The show at the Barbary will have the following schedule — 7:30 p.m. – Cheeky; 8:15 p.m. – Elle Exxe; 9 p.m., APHRA. Tickets are $8 in advance and $10 at the door.

Other upcoming shows at the Barbary are Mortal Techno on March 1, and Big League on March 3.

Vista Kicks

Another interesting show will take place on March 2 just a few blocks up Frankford Avenue from the Barbary when Vista Kicks headlines a three-act bill at

Kung Fu Necktie (1248 North Front Street, Philadelphia, 215-291-4919, kungfunecktie.com).

If you watch a few of the videos released by the California band Vista Kicks, you’ll notice something unusual.

The four band members — Derek Thomas, Sam Plecker, Trevor Sutton, and Nolan Le Vine — are always dressed exactly alike.

It might be black jeans, black long-sleeved shirts and white sneakers. It might be black slacks with matching pop art print shirts. It might be black shirts and pants with stylish red jackets. No matter what, all four are dressed exactly alike.

Not surprisingly, the band’s influences are the early British rock bands like the Beatles and the Kinks and soul acts like James Brown and the Flames – all acts that dressed in identical outfits.

“Black with red jackets, that’s one of our favorites,” said Sutton, during a phone interview Tuesday afternoon from a tour stop in New York City. “We’re a four-headed beast. More importantly, we’re a band.”

The four lifelong friends from Northern California grow up obsessed with the sounds of AC/DC, The Beatles, Black Sabbath, The Bee Gees and Michael Jackson.

“We’re from Sacramento – actually Roseville, a little middle-class suburb of Sacramento,” said Sutton. “We’ve known each other since grade school and lived within a block of each other.

“Derek and Sam sing and play lead guitar. They’ve been playing music together since they were 10. In high school, Nolan, who plays drums, joined them in a jazz cover band that played weddings and other events. I had always been friends with the guys. I played drums but they needed a bass player. So, I picked up a bass and joined in.”

After their single “Make It Real” cracked two million Spotify streams, they made a collective decision to forego college and trade their small Sacramento suburb for Hollywood, forming Vista Kicks in late 2015. Living together in a cramped one-bedroom apartment, the quartet quietly ignited a buzz throughout L.A. — and beyond.

“‘Make It Real’ was the first song we put out,” said Sutton. “It got good traction. So, we decided that we wanted to keep making rock music. We moved to L.A. and lived together in a one-room apartment in Hollywood. We lived there for two years and now live in Highland park – in a two-bedroom apartment. And, we have our own studio there.”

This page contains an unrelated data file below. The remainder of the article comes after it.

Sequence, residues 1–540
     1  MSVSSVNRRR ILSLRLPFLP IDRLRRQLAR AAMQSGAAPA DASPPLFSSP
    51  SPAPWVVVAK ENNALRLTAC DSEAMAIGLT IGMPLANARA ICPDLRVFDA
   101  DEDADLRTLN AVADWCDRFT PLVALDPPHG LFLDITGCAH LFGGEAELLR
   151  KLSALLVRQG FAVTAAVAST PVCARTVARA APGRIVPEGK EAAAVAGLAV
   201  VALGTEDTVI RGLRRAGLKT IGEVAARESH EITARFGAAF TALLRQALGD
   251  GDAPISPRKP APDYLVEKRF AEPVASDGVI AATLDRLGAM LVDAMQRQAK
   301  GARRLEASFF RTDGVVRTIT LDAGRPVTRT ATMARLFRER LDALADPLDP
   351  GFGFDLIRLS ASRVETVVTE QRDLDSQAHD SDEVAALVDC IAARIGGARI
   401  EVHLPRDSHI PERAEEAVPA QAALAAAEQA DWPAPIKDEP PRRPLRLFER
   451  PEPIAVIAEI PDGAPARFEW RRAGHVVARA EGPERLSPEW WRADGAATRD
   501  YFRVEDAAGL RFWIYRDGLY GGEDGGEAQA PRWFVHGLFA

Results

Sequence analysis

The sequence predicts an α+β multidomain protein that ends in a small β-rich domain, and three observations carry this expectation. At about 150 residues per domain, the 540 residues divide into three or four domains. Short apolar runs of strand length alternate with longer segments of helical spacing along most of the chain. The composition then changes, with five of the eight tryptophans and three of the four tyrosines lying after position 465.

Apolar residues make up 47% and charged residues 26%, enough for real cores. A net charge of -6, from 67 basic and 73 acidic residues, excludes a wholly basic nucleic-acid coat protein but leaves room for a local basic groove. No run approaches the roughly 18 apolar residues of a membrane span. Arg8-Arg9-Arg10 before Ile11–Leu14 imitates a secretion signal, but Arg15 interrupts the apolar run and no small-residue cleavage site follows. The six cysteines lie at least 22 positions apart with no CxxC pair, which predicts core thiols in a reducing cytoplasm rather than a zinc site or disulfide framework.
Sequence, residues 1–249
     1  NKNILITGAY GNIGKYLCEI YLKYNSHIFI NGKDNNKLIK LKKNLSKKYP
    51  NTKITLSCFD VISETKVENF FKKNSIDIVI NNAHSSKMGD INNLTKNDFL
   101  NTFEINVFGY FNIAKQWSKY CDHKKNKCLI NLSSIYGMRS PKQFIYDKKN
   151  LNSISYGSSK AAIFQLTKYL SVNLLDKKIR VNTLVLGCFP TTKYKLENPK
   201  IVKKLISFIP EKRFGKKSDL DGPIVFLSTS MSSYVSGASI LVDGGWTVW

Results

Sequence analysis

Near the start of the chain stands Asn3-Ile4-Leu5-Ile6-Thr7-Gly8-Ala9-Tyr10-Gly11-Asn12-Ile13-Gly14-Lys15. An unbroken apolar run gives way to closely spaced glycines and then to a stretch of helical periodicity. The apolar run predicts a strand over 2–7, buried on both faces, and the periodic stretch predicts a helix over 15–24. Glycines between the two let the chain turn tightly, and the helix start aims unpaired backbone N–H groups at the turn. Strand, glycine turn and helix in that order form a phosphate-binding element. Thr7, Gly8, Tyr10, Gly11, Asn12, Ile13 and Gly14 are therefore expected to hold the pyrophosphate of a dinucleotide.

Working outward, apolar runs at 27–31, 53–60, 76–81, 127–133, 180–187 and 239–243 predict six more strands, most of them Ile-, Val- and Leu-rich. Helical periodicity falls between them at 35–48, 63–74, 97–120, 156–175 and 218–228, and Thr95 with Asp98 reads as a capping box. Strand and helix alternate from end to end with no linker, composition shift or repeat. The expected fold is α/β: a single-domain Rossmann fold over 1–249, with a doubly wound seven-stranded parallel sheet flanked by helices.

Within a year, the band’s independent 2016 “Chasing Waves” EP and additional singles generated over five million cumulative Spotify streams and 3.2 million YouTube views. The biggest step forward came with the release of their 2017 full-length album, “Booty Shakers Ball,” which was self-produced by the foursome and engineered by their guitar player and vocalist Sam Plecker.

“We recorded ‘Booty Shakers Ball’ last year,” said Sutton. “The songs had been written over a few tours. We recorded it in July, got the artwork done right away and released it in September.”

According to Sutton, “This is ‘Booty Shaking Rock and Roll.’ I don’t think there’s anything else like us out there. Every song is different and eclectic. We’re old soul millennials. We’ve found an audience that’s just like us. It’s rock music that you can shake your booty to and party.

“In January, we got back from tour and put down 17 new songs. We’re very 60s-inspired. We like the Beatles and the Stones. We take those influences and do our own thing. And, the long hair and matching jackets give us a throwback vibe.”
Video link for Vista Kicks – https://youtu.be/EcX341g3HGM.

The show at Kung Fu Necktie, which has Rent Party and Kasador as opening acts, will start at 7 p.m. Tickets are $12.

Other upcoming shows at Kung Fu Necktie are Conan on March 3, 1000Mods on March 4, Nic Sanderson on March 4 and Milk & Bone on March 7.

On March 2 and 3, the Ardmore Music Hall (23 East Lancaster Avenue, Ardmore, 610-649-8389, www.ardmoremusic.com) will host Soullive.


Soulive is a soul-jazz, hip-hop, R&B, funk and rock trio that formed in the late 1990s in Woodstock, New York.  The band features Eric Krasno (guitar), Alan Evans (drums) and his brother Neal Evans (Hammond B3 organ, bass keys, clavinet).

On February 23, Soullive released its new EP “Cinematics Vol. 1” through the band’s own imprint, Soulive Music. This initial volume is the first of a planned series of “Cinematics” EPs. The band’s most recent previous album was “Spark” in 2012.